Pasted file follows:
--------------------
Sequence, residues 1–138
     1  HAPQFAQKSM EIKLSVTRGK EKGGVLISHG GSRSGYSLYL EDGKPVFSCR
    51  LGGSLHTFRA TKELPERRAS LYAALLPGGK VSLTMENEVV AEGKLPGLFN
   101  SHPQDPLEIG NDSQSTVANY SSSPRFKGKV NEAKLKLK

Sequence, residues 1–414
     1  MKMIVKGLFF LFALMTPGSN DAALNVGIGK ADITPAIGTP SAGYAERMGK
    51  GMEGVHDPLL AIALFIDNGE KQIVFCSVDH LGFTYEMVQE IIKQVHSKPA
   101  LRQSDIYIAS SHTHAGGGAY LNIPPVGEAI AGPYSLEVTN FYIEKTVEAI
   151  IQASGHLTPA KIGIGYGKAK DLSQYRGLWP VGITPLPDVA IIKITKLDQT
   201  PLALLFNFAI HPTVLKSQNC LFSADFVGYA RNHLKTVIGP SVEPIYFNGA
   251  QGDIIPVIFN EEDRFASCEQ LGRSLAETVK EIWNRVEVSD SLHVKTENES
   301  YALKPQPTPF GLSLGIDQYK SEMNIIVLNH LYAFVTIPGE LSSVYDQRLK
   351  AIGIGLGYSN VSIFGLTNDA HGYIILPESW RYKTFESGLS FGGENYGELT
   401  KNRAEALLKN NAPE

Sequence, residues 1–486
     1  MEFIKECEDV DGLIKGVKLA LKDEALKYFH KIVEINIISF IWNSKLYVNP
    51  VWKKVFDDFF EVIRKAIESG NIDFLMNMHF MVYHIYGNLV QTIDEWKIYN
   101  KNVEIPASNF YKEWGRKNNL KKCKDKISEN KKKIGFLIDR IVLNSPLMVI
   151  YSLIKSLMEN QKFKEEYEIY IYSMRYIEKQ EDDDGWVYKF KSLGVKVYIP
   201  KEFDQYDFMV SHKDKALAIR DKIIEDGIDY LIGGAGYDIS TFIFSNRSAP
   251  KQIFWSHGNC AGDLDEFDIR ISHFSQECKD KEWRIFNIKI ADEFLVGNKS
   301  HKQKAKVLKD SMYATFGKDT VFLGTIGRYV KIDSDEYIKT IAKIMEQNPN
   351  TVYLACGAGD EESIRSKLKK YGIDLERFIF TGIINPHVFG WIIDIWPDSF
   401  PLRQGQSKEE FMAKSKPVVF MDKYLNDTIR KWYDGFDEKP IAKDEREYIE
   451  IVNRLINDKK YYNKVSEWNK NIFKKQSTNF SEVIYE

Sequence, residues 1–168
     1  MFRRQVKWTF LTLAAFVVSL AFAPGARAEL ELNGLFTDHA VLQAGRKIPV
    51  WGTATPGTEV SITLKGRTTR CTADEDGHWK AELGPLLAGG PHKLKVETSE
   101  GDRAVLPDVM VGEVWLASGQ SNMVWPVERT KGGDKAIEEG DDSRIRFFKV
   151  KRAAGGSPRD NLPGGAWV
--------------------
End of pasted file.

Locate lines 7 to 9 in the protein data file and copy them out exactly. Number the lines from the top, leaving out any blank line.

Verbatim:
    51  GMEGVHDPLL AIALFIDNGE KQIVFCSVDH LGFTYEMVQE IIKQVHSKPA
   101  LRQSDIYIAS SHTHAGGGAY LNIPPVGEAI AGPYSLEVTN FYIEKTVEAI
   151  IQASGHLTPA KIGIGYGKAK DLSQYRGLWP VGITPLPDVA IIKITKLDQT